• Side of Eyes: "I hate feeling lonely."

  • Under Eyes: "This loneliness hurts."

  • Under Nose: "I am so lonely."

  • Under Chin: "I'm frustrated by this loneliness."

  • Collarbone: "I'm tired of feeling so lonely."

If you are new to tapping or are searching for more specific topics to tap your way through, you might want to try a guided app like "The Tapping Solution".


Thought Field Therapy (TFT)


TFT is another tapping technique where how you tap is specific to the algorithm you choose to work through. Also, with TFT there is no talking involved, only tapping.


An example would be if you are struggling with what I call "love pain". This is the heaviness you feel within your heart.


What you would do is sit with this feeling (or think about what it feels like) and tap on the following points in order 5-7 times each:

  1. Eyebrows

  2. Under the eye

  3. Under the arm (bra strap area)

  4. Collarbone

What this does is calm down your amygdala. Continue through this sequence as many times as needed until you begin to feel the calm wash over you.


There are a wide variety of things you might choose to tap on, such as PTSD, grief, shame, and so on. I would suggest you look up "Callahan Techniques" to find a complete list of algorithms, along with their associated tapping sequences.


Meditation


The first thing I want you to understand about meditation is it has absolutely NOTHING to do with controlling your thoughts, but everything to do with anchoring your feelings.


Meditation is about learning to allow your thoughts to come and go. When your mind begins to wander (which it will), you choose an anchor to focus your attention back onto, such as your heartbeat or breath.


Meditation is not only a calming technique but will give you a safe place to go when you are struggling with feelings like depression, anxiousness, overwhelm, and so on.


There are a couple of guided meditation apps I would strongly encourage you to check out as well:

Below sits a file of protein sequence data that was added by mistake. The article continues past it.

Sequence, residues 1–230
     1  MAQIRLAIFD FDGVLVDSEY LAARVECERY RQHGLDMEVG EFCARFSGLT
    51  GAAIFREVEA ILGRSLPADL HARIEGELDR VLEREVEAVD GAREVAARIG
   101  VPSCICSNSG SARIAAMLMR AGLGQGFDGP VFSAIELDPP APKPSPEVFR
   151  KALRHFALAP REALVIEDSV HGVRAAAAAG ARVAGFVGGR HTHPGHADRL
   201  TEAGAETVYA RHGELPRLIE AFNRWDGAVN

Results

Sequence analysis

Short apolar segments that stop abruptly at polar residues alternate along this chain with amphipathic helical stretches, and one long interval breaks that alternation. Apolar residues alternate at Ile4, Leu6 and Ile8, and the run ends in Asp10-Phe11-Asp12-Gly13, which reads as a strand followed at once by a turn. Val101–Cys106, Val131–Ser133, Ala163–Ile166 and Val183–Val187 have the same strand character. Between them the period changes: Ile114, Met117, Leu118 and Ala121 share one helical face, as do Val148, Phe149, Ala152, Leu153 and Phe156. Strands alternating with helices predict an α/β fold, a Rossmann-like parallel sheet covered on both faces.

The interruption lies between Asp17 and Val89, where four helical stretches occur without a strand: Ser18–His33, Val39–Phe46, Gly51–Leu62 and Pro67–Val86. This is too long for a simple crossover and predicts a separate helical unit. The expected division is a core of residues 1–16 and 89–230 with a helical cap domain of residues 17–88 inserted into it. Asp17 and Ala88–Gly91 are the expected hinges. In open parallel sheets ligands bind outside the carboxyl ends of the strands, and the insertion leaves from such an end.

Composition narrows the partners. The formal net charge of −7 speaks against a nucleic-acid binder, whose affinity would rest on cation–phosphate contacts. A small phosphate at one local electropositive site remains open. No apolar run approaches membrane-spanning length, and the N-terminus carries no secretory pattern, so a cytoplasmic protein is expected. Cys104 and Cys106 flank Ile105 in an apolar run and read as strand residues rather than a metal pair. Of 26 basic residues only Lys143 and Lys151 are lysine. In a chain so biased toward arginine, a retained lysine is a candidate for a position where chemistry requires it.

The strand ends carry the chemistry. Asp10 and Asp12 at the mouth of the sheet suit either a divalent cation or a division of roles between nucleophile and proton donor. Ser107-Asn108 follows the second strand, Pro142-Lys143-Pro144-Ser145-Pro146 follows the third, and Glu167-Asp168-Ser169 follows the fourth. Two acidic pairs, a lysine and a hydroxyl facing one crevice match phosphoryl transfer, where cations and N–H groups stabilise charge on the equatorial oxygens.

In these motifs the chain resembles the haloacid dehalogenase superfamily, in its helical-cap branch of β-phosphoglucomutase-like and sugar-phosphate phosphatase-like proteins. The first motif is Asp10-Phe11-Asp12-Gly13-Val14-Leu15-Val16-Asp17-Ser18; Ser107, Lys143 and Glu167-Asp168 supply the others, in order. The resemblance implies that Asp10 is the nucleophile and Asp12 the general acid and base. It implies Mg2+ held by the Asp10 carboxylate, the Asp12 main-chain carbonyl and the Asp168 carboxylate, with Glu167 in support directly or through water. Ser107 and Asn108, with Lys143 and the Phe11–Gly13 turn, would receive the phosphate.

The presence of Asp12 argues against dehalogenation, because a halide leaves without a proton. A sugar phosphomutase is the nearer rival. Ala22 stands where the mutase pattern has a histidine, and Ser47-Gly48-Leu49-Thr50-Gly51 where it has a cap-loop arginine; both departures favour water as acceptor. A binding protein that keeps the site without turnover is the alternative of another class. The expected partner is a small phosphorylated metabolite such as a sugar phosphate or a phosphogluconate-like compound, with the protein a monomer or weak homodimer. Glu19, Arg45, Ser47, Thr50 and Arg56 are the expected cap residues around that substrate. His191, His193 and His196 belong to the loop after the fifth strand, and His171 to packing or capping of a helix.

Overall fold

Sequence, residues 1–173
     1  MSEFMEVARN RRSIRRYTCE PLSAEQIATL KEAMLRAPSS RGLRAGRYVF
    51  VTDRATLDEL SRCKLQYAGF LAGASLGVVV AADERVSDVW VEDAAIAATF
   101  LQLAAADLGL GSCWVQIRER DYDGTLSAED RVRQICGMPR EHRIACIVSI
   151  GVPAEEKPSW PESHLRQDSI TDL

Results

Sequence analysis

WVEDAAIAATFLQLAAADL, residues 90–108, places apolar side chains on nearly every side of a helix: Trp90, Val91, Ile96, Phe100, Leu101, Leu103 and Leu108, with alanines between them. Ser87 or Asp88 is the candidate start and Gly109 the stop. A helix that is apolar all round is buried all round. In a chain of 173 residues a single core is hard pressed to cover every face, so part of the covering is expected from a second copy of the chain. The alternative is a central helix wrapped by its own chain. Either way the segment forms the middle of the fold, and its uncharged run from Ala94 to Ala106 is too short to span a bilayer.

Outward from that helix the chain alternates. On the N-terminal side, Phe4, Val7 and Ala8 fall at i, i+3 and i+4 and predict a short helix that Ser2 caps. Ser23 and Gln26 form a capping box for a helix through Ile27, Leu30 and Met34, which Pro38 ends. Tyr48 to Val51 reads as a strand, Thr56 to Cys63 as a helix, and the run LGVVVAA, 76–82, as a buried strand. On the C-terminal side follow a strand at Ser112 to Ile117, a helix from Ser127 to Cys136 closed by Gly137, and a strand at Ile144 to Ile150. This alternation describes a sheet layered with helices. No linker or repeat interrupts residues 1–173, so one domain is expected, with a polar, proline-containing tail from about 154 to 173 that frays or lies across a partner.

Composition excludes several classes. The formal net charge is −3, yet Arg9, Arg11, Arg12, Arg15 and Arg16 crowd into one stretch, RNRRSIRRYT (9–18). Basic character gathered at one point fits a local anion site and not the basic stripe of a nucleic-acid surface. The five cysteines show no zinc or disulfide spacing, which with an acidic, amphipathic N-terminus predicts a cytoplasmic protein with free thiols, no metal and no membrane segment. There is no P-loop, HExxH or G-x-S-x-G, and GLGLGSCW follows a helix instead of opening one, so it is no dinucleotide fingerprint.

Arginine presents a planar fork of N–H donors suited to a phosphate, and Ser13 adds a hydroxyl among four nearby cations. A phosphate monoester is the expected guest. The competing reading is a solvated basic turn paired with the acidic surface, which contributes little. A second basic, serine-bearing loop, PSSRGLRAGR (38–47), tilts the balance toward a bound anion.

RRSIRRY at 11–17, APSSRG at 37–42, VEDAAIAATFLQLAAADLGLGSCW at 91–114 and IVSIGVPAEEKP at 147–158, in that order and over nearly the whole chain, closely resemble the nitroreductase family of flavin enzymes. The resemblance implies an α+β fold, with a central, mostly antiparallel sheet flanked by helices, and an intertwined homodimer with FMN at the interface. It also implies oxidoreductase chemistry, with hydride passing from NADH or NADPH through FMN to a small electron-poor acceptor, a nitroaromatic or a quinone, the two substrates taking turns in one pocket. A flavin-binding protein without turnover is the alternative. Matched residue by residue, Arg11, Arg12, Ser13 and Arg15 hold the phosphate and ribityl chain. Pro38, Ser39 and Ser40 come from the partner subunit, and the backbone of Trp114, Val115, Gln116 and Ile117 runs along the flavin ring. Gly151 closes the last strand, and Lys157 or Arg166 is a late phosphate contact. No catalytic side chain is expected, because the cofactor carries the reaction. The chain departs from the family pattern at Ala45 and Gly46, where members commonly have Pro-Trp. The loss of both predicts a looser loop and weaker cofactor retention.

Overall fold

1. Headspace: Great for beginners

  2. Insight Timer: Better for those more advanced in the meditative process.

Healing is a Process


The techniques above are just a few of many you may choose to utilize throughout the healing process.


It is going to take some trial and error on your part to formulate a plan in regards to which modalities will benefit you the most.


Just don't forget to allow room for plenty of self-care, self-compassion, and self-forgiveness.


Healing is not linear and is going to take time. But when you make the decision that the pain of healing finally outweighs the pain of hurting, you will never want to look back!!


Follow Ryan on his Facebook, Instagram and website for more info!


 

Ryan Light, Executive Contributor Brainz Magazine

Ryan Light is a mental health coach, author, thought leader, and influencer in the mental health space. Having spent 20 years of his life attempting to run, avoid and hide from the pain of his childhood and adolescence. He struggled with Obsessive-Compulsive Disorder (OCD), depression, anxiety, intrusive thoughts, and panic disorder. After contemplating suicide, Ryan decided to finally confront his traumas through what he now coins “Feeling Work” and heal the real issues plaguing him with various mental health disorders. Today, his passion lies in guiding others through their struggles with anxiety, depression, and/or trauma through such avenues as social media, public speaking, self-paced courses, e-books, live workshops, and 1:1 coaching.